Universal Music Group may be looking at significant changes going forward, with the news that its parent company Vivendi has made a US$2.5 billion bid for a 60% stake in Parisian ad agency Havas in an effort to strengthen its position in the market.
But, while the acquisition would go a long way towards bolstering Vivendi’s marketing, design and communications efforts – and secure Universal’s future in the process – there are a few unusual wrinkles to this particular deal.
As Music Business Worldwide reports, the shares in question are currently owned by majority stakeholder Bolloré Group which, interestingly enough, is run by Vivendi’s chairman and 20%+ shareholder Vincent Bolloré.
With 30% voting rights in Vivendi making him its most powerful voice, he is effectively steering the ship towards another of his companies. Adding to the soap opera-esque affair is the fact that Bolloré’s son Yannick is, in fact, the CEO of Havas Group.
Despite these potential issues the offer appears to be a sound one, with Vivendi offering an 8.8% premium on the shares’ closing price. As detailed by MBW, if the deal is completed as anticipated by July, Vivendi will then seek to pick up the remaining 40% from other listed shareholders.
What sort of impact would this acquisition have on Universal? A presentation to Vivendi shareholders reportedly explains the company’s three-pronged approach, adding that “The proposed acquisition will enable Vivendi to strengthen all of its businesses at a time of profound transformation.”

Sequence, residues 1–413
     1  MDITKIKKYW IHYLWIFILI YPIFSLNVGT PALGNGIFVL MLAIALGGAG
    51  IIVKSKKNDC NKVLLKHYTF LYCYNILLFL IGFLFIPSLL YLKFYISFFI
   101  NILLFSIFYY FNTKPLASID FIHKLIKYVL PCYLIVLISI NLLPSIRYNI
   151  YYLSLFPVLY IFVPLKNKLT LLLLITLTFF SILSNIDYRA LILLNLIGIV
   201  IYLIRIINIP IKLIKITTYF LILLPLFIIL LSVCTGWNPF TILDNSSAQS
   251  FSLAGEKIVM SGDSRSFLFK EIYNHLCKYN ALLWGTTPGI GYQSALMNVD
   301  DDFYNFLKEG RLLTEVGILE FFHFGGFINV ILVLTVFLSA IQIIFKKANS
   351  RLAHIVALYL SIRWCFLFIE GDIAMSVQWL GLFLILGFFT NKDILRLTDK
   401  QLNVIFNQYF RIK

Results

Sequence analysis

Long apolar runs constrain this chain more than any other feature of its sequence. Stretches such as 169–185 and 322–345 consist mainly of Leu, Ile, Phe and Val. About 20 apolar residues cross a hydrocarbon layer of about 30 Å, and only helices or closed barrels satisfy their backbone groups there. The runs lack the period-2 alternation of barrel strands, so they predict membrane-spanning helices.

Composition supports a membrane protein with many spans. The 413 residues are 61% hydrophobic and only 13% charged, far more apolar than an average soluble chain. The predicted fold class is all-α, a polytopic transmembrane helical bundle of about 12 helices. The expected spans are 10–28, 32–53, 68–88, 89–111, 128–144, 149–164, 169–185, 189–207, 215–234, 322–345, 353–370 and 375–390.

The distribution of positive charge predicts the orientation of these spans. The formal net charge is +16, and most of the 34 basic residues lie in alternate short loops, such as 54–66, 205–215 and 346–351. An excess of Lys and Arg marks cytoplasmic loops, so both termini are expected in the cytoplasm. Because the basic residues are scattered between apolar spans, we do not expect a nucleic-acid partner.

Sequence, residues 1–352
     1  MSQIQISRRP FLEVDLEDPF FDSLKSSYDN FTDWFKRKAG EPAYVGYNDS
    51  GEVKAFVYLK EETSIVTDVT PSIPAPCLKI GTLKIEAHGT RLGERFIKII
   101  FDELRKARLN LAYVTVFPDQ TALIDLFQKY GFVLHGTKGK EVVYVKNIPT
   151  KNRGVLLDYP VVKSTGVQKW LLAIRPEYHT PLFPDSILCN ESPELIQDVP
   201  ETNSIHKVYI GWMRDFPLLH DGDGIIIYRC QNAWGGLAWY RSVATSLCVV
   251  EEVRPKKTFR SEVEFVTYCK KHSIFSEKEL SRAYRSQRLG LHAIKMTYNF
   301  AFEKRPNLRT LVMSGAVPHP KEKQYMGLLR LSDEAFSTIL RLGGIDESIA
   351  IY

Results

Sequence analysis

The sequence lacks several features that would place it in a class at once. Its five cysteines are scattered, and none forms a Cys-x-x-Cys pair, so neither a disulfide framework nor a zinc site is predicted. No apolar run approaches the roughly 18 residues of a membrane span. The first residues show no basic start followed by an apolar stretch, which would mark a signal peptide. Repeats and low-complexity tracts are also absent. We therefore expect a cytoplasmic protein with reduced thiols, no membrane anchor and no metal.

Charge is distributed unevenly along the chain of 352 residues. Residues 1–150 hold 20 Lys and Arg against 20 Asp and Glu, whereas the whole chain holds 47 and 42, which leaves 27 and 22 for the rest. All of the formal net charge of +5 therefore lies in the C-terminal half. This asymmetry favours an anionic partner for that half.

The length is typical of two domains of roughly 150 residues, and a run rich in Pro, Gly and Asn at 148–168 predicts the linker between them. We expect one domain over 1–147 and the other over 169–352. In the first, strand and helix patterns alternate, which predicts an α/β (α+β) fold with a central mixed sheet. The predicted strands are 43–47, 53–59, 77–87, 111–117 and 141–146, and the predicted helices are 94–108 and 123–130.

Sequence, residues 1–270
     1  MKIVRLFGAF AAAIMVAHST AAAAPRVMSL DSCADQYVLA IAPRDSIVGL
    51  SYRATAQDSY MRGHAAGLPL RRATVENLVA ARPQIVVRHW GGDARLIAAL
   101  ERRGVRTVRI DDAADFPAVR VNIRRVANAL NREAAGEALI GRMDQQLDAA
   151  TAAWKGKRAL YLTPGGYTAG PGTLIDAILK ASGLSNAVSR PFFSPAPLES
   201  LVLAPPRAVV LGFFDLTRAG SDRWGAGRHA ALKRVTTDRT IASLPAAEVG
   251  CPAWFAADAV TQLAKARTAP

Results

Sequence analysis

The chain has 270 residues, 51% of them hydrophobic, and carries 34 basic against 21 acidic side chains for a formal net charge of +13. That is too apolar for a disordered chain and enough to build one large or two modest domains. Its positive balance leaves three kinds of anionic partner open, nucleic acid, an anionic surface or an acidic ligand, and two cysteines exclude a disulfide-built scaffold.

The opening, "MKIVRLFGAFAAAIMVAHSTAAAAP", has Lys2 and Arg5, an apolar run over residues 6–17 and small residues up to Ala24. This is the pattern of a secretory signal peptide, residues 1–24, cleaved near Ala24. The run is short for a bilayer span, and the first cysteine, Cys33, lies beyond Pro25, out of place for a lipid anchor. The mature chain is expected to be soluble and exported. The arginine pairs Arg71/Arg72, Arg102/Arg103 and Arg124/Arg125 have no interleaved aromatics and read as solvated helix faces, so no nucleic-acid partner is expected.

Vivendi’s ‘Media, Content and Entertainment’ segment (including UMG and its various IP, along with videogame behemoth Ubisoft) would remain the jewel in its crown, alongside the ‘Distribution Platforms/Telcos’ that include Dailymotion and France’s Canal+ network.
Meanwhile, Havas would form the core of a third offering incorporating ‘Communication, Data and Computer Science’, with Vivendi explaining the strategy further.
“This strategic transaction will allow Vivendi to accelerate its building of a leading world-class content, media and communications group and will ensure the newly created group a unique positioning in an environment in which content, distribution and communications are converging.”
“The proposed acquisition will enable Vivendi to strengthen all of its businesses at a time of profound transformation. In this environment which offers attractive development prospects, in-depth consumer knowledge and strong data analytics capabilities represent a significant competitive advantage.”
“This transaction will enable Havas to leverage Vivendi’s skills in talent management, content creation and distribution. In return, Vivendi will gain access to Havas’s expertise in consumer science, data analytics and new creative formats.”
On Havas’ side of the equation, MNW reports that Yanick Bolloré expressed his excitement to staff, claiming that “having privileged access to Vivendi’s prestigious assets would enable us to create unique offerings and services all over the world”.
Time will tell what’s to happen with this somewhat incestuous acquisition, but the younger Bolloré is right to express his excitement about the potential; Today, UMG announced its biggest first quarter in 15 years and sixth successive quarter of growth, with turnover of $1.4bn signalling a year-on-year increase of 14.8%, thanks to the continued rapid growth of music streaming revenue.
Facing its own messy family-related business, UMG is also hoping to extricate itself from a $31 million headache involving the late Prince’s estate.